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How can one end up with a non-functional system?

#1

The inspiration for this post is Upgrading to 12.14 with W10 64, but I don't want to drag that thread way off topic.

How can knowledgeable people who work at home and imply a work related need for a working system not have image backups?

If the things described in the referenced thread happened to me, it would take me maybe a half hour to restore a working state that existed on any day of the last month or so.

Upgrading to 12.14 with W10 64
#2

Double-clicking the reg file here will fix things without the need for system images etc:

The question is the cause, which we suspect to be antivirus killing the installer when it isn't a version they recognise, or possibly registry "cleaners" corrupting the InstallShield data. It seems to be different causes for different people.

#3

Sure, one wants to find the cause eventually, but my comment is more general. The cause of a non-working system doesn't necessarily have to be Opus. We are off topic now, right?

Somebody in the other thread mentions reinstalling windows as painful, but eventually the quickest solution.

If I had a need for a quick solution, it would be restoring an image. Certainly everybody is not going to have image backups, but I find it almost unbelievable that technically competent people with the need to have a system working again by the beginning of the work week don't have them.

#4

Yeah, kinda sad, happens a lot. But we can't help who don't want help. It is up to them.

#5

In most cases, it comes down to either ignorance or (more commonly) time and economics.

For example, I know you're referring to my post about having a "non functional system" on my main work PC after trying to install 12.14, but my current boot drive is a 1TB SSD, which is packed with things. For a boot drive backup, you kinda need full backups each time as a restorable image, which rules out incremental backups. Having the time to backup that much on a daily or weekly basis is problematic at best, and drive storage is always going to be an issue.

As it happens, I fixed my issue without a re-install, but if you want to throw backup hard drives at me for free, I'll happily follow your suggestion in future. :stuck_out_tongue_winking_eye:

#6

Another factor is you might not notice a problem until long after whatever it is has gone wrong, at which point it might mean trying several backups to find a working one, and/or going to such an old backup that reinstalling might be less work.

Regular backups are great but don't always solve things.

(Plus things like MS breaking system restore for months in Windows 10, and never fixing it so the backups made during that time could ever be restored, AFAIK. That was fun when I depended on it.)

1 Like
#7

I've never used a backup or restore solution that's part of Windows. Always third party imaging software.

On the point about having a 1 TB SSD, I have a 1 TB HDD, but I don't backup the whole thing. When the issue is recovering from something breaking Windows and the breakage is discovered relatively quickly, I'd restore just the Windows partition. It may be a little easier for me than for many people to say that because I keep all my data/personal files on partitions other than the Windows partition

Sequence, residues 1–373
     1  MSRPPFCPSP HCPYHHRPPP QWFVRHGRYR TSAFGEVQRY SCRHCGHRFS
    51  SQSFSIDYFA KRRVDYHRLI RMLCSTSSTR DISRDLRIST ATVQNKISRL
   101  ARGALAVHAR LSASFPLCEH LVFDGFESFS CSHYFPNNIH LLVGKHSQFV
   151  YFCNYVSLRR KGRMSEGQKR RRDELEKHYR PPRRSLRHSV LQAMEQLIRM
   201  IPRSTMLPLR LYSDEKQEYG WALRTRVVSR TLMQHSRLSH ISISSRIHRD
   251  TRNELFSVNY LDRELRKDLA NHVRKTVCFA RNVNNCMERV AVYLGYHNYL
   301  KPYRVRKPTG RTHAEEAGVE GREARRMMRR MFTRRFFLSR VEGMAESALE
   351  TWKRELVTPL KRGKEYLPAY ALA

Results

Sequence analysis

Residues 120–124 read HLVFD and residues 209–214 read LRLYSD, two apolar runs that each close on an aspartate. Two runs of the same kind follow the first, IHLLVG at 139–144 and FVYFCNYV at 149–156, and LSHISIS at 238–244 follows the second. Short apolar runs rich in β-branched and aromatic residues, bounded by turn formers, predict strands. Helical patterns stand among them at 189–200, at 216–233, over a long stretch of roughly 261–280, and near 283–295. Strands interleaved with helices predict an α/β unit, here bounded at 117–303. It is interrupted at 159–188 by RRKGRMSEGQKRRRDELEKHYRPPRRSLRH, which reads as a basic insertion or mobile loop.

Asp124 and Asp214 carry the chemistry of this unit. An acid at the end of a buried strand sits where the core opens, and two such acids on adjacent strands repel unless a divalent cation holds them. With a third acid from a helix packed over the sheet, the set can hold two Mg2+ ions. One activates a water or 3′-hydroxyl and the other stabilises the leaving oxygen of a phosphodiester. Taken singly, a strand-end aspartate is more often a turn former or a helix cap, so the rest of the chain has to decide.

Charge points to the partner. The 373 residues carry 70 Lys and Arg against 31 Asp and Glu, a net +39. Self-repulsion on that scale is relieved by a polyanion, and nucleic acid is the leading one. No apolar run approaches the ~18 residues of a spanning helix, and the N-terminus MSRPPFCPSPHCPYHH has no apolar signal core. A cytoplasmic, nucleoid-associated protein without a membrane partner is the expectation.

#8

You really should be able to restore from an incremental backup (you need to have previous backup(s) of course). For handling windows/boot partitions I suggest R-Drive Image, it served me well and has useful cmd-line api as well. For data partitions I recommend doing robocopy.exe mirroring with the windows "Previous Versions" feature turned on (for the history).

Keeping the windows partition as small as can be is what I suggest as well (this includes around 33% free space). It really helps handling emergency situations. If partition got too small, firstly try to de-clutter (use WinDirStat for help), then consider a partition resize in disk manager.

I actually try to put everything onto other partitions which is not required for booting, win-updates and random apps will work against you. Still, all boot partitions (around 80-120GB) here backup within 20 minutes via LAN. These are 6-8 years old windows installations with every software installed you can think of - so I'm quite pleased with the outcome of "keeping it small".

#9

True. I use Image for Windows and related programs from Terabyte Unlimited. To keep the incremental chain from getting completely out of hand, I create full backups weekly and incrementals based on the full daily. I've never had a problem restoring the Windows partition using an incremental backup (which as implied also uses the full backup upon which the incremental is based).

#10

I was probably too harsh in my original "unbelievable" comment.

There is a cost in setting something up, both a monetary cost for imaging software and maybe for hardware on which to store images as well as a cost in time and effort to figure out how all this works.

While I still think anyone who is able and willing to set up a system of image backups will be well served by doing so and will be at much less risk of "my Windows system has become unusable", I understand that not everyone will be able or willing to absorb the financial cost and spend the time and effort required.

#11

Indeed, some people just live. o)

#12

I am reminded of the old computer adage - There are two kinds of computer user, those who have just lost all their data and those who are just about to.

#13

Aren’t there 10 kinds? Those that understand binary and those that don’t :grin: